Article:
Originally Posted by bhupaes
I think you are mis-reading my post. "The flip" is a term that evolved on this board (or maybe it came from somewhere else) to describe the quick arm motion Federer and other pros seem to be making with the arm to point the butt of the racquet towards the ball before pulling it forward. It applies to the whole racquet, which goes from pointing partially sideways to pointing backward (as it should, before the forward swing starts). It is definitely not a "flipping" of the racquet face!
The flip you're talking about is not done actively by Federer; it happens as a result of him beginning the forward swing with the racquet face closed. Having the racquet face closed at the end of the backswing with an eastern grip is only possible with a pronated forearm. Pulling from that position results in the weight of the racquet rapidly supinating the forearm and extending the wrist as the arm and hand are dragged forward from the shoulder. These forearm and wrist motions are passive, not active, and the result is that the weight of the racquet effectively stretches the forearm pronators, setting up the SSC action that is responsible for so much of the "free" or effortless RHS speed he gets.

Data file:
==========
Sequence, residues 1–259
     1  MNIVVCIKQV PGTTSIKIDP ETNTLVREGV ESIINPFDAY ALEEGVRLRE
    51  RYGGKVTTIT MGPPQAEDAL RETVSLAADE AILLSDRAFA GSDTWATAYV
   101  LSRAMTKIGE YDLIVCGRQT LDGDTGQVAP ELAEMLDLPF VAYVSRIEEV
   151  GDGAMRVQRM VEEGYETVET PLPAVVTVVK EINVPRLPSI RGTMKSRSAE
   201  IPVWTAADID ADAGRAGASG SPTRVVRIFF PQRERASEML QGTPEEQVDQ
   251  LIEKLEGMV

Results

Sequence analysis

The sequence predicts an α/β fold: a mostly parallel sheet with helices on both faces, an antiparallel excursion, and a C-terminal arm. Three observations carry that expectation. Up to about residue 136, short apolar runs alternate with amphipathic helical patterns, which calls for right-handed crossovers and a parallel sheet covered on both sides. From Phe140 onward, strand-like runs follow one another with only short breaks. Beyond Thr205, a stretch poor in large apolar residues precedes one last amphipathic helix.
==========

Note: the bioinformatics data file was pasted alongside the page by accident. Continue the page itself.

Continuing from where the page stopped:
Tricky, and I hope he makes an appearance, suggested many tricks to try to do this yourself. The most recent one, and the best in my opinion, is to pronate the hand of the non-hitting arm during the backswing - turning the hand/forearm so that your pinky rotates up toward the sky. Doing this with the off-hard tends to result in the hitting hand following this motion. This is a good trick, as you don't consciously try to do anything special with your hitting hand. We all know that consciously doing stuff during the stroke can get ugly.